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Tuesday, June 16, 2015

Development, state and society

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Recomendado pela AMICOR Maria Inês Reinert Azambuja

Towards a new model of development,the state, and society 
Eduardo Espinoza, MD 
I never had the good fortune of meeting Juan César García personally*, although I came to know him through his writings. These were introduced to me (along with many other things) by María Isabel Rodríguez. Subsequently, I had the honor (and good fortune) of meeting Edmundo Granda, Asa Cristina Laurell, Jaime Breilh, and Saul Franco, cherished colleagues whom I count among my friends. They have now handed me the responsibility of giving this lecture, named by ALAMES in honor of our great teacher. I did not feel that I was the most appropriate person to take on the sensitive task of delivering the keynote address at an ALAMES Conference. In fact, I did everything in my power to have someone else stand here on this podium before all of you tonight. But this was not to be. Thus, I would like to thank the Latin American Association of Social Medicine for this great – and undeserved – honor.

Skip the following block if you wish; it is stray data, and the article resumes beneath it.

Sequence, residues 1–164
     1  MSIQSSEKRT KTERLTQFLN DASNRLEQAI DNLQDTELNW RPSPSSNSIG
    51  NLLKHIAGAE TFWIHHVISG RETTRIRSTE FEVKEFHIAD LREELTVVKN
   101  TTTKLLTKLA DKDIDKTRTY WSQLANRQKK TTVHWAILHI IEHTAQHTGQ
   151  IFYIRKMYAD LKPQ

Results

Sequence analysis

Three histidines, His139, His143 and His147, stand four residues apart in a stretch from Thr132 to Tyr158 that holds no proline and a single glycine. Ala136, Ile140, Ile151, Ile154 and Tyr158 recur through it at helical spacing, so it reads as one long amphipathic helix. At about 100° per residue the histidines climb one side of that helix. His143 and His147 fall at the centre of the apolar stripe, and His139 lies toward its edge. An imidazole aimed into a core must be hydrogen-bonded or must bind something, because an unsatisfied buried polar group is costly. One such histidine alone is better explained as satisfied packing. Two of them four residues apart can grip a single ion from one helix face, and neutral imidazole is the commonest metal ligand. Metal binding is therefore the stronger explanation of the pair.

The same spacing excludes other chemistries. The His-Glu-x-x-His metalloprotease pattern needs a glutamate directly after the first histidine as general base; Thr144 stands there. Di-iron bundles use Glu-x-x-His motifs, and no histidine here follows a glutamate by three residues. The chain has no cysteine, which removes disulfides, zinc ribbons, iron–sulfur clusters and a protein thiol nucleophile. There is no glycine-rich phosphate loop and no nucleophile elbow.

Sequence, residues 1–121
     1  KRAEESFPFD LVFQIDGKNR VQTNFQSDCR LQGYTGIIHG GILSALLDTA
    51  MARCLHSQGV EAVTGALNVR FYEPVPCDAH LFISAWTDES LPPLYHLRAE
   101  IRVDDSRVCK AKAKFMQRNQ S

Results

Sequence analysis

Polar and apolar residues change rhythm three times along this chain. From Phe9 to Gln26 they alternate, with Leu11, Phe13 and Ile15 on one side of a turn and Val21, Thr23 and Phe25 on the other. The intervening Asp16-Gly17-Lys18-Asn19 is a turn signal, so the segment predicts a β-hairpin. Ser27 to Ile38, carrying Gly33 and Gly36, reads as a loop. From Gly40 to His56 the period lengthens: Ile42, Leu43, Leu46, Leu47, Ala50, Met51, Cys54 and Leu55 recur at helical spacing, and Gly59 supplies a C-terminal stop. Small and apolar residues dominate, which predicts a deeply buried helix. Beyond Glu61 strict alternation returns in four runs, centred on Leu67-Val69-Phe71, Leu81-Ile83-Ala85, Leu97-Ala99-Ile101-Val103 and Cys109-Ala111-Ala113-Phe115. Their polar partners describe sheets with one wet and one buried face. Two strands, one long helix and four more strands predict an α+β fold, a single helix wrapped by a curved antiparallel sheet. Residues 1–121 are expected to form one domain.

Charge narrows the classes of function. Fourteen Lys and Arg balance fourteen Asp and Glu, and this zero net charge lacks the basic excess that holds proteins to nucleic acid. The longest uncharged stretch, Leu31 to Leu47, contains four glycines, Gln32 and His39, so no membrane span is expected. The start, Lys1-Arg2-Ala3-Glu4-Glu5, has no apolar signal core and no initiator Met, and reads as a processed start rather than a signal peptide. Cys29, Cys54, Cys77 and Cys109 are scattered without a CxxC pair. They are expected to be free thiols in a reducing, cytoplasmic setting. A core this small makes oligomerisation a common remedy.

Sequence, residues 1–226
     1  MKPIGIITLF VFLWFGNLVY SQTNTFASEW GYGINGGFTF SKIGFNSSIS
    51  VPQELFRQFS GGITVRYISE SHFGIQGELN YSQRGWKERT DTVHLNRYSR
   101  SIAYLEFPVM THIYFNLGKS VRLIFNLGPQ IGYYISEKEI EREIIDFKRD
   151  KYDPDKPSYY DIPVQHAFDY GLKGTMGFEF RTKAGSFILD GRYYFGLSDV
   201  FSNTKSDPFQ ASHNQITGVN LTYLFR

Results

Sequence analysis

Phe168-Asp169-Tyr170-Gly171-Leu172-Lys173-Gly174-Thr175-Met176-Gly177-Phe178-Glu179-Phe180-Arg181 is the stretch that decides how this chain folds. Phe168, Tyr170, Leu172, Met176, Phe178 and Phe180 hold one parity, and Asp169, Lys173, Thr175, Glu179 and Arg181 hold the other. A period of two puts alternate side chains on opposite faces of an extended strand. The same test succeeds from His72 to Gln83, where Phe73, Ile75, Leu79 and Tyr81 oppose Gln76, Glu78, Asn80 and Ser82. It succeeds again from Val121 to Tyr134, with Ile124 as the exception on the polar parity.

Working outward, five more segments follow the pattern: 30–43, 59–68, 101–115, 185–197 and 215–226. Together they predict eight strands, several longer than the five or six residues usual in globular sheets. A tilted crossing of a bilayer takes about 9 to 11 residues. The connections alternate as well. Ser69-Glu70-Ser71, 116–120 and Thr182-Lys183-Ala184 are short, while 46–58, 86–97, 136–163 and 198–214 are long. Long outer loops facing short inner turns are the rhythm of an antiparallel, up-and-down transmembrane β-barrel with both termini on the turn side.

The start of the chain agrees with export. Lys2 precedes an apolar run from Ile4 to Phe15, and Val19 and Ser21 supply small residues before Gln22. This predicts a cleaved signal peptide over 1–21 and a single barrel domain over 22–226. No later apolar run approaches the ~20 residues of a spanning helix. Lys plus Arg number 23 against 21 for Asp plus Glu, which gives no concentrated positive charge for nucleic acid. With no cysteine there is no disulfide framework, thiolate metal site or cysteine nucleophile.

I don’t want to repeat what has already been said by my colleagues in the ample and thorough discussions that have preceded this talk. They are certainly more qualified to do this than I am. Instead, I would like to see this Congress develop a set of recommendations – action plans – for those of us who are preparing ALAMES’ next generation.
These are particularly difficult and strategic times. Every day we see overwhelming evidence that time is running out both for our planet and for the human race. It is a propitious moment to reflect on health conditions within a broader context by examining several particularly alarming situations that call into question both the present and the future in terms of health, wellbeing, and development. People tend to easily forget that today’s issues are not new. Similar problems have plagued humanity since the development of social systems that have concentrated riches among the few, created inequalities, and stimulated the outsized appetites of those who always want to hoard even more. These systems have crushed any attempt to better distribute social wealth.
Mahatma Gandhi summed this up well when he said: "The world has enough for everyone’s need, but not enough for everyone’s greed." With this in mind, I would like to start with an excerpt from the Juan César Garcia lecture delivered by Jaime Breilh in Montevideo in 2012: /.../

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